Can You F***ing Not?

The Millennial experience gets an opera treatment in #adulting, from the classically trained singers of the Lowbrow Opera Collective. It runs through February 9 at 18th & Union. 


Speak to me, oh Apple product of my eye.


It’s hard to pick just one star out of the six-actor, weird little opera on now at 18th & Union. And perhaps that’s the point in #adulting, where new roommates, brought together by Craigslist, haul out a box of participation trophies amidst their unpacking, along with their crystals and weed and other life essentials. Everyone is banded together, as no one’s clear on where they are (the gentrifying Central District, of course), where they’re going, or what they’re supposed to be doing. They’ll work that out later.

But first — Does anyone know how to write a rent check?

#adulting is a clever mix. It’s loaded with laugh lines and goofiness. One singer (Nic Varela), outfitted like a cheap costume party leather daddy, tackles the challenge of embodying a couch dumped on the side of the road, his song exuberant (when headed home with the roommates), despondent (when turned loose again), and mournful (a dirge, growing more and more desperate on the street corner). Later, Varela, who plays a great many roles throughout, hocks soy-based fake avocado (avo-CAN-do!), green gunk served by the Easy Cheese can and plucked from an OxyClean box. But the show tosses in enough meat — one character confides she’s $160,000 in debt, while another flaunts his trust-fund family, and another is met with roars of laughter from an interviewer when she expects to be paid at a job — to keep things sharp and relevant.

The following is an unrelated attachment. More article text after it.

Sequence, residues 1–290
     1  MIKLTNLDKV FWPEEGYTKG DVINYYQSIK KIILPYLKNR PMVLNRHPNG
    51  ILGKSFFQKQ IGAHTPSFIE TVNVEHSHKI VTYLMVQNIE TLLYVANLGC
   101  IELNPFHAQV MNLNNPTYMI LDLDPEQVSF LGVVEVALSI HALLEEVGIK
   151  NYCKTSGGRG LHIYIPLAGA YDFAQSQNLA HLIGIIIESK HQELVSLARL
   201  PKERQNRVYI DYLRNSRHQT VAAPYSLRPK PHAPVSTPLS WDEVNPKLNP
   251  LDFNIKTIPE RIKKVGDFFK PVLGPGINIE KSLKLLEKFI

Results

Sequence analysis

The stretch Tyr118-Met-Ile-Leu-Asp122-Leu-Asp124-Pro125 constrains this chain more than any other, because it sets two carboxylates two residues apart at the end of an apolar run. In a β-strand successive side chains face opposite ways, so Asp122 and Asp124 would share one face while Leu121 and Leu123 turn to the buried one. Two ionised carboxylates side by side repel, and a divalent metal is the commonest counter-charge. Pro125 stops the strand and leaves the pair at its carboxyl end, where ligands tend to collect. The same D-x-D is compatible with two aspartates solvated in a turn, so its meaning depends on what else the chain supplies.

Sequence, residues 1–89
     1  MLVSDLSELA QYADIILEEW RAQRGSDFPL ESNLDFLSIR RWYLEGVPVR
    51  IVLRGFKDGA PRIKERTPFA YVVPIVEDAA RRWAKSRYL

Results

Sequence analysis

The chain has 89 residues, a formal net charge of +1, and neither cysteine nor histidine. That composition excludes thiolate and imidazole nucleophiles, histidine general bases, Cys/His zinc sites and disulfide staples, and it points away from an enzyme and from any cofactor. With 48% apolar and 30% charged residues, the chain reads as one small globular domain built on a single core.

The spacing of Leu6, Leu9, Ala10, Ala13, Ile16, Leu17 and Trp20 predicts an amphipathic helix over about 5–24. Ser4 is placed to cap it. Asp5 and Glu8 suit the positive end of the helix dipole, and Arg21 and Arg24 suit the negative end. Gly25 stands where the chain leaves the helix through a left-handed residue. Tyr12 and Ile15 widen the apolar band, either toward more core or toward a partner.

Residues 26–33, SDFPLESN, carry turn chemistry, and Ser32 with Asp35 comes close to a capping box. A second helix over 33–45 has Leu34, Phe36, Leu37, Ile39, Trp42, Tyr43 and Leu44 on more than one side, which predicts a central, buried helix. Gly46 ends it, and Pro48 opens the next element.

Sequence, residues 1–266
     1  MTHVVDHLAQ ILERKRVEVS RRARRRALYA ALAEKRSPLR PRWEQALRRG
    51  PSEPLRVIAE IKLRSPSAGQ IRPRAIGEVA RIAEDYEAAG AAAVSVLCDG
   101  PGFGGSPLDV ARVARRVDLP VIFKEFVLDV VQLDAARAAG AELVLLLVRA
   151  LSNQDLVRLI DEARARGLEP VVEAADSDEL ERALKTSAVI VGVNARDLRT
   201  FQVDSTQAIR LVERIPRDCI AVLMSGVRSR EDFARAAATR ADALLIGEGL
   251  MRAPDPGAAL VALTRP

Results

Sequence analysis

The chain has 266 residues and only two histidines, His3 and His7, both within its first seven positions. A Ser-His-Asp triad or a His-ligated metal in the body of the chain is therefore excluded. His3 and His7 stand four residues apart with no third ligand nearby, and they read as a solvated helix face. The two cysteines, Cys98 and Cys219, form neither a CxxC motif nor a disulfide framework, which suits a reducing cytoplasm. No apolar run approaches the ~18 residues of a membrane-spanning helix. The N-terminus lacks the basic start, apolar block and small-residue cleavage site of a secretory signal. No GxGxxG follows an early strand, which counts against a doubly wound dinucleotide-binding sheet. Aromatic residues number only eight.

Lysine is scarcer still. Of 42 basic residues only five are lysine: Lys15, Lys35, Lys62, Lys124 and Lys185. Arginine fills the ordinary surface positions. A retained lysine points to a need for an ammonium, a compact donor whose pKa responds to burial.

And for all it’s a farce (sort of), a lot of it’s all-too-recognizable. Can’t get furniture home? Pop it on the light rail! (True story: the very first time I took the light rail, someone hopped on hauling a giant armoire, on a cart — very efficiently.) Have groceries in the fridge? Meh, order delivery anyway, as those vegetables mold over.

The beauty is in the clever delivery. First, there’s the obvious: it’s an opera. They’re all strong singers; and Ava Linvog, the accompanist, plays the hell out of those keys.

But it’s paired with a freshness that’s not captured strictly in the genre or the storyline. It’s the foresight to have a human personifying student loan debt, or a mysterious stain, or a forlorn couch. It’s unexpected. And it’s fucking hilarious.

The Lowbrow Opera Collective says they want to “revive the genre of opera by making it more fun, more queer, and more relatable.” With talent like this and material this rich, I think they’re on to something.

And while the intimate 18th & Union venue works well, I’d also like to see these shows in cabaret form — over brunch, or with an artisan cheese plate and a gallon of rosé.

There better be avocado toast.


Avocado toast and opera: Like peas in a pod. Pictured: real live avocado toast that this reviewer, a real live Millennial, consumed at Prelude before Tchaikovsky’s ‘Eugene Onegin’ (Seattle Opera). Photo by Chase D. Anderson.


Lowbrow Opera Collective: #adulting 

Performers: Eric Angus Jeffords, Katie Kelley, Christine Oshiki, Krissy Terwilliger, Nic Varela, Jared White; Ava Linvog (accompanist)

Writers: John Ervin Brooks (music), Natalie Stewart Elder (libretto), Stefan Melnyk & Austin Nucklos (additional music & libretto)

Director: Katie Kelley, Christine Oshiki (assistant director)

#adulting runs through 2/9 at 18th & Union in the Central District. Tickets are $15-28 (sliding scale for all), available hereAccessibility notes: restroom is gender-neutral, single-stall; theatre can be made wheelchair accessible with a ramp, but the restroom is not — please contact venue ahead of time to ensure smooth access.

Chase D. Anderson is Editor & Producer of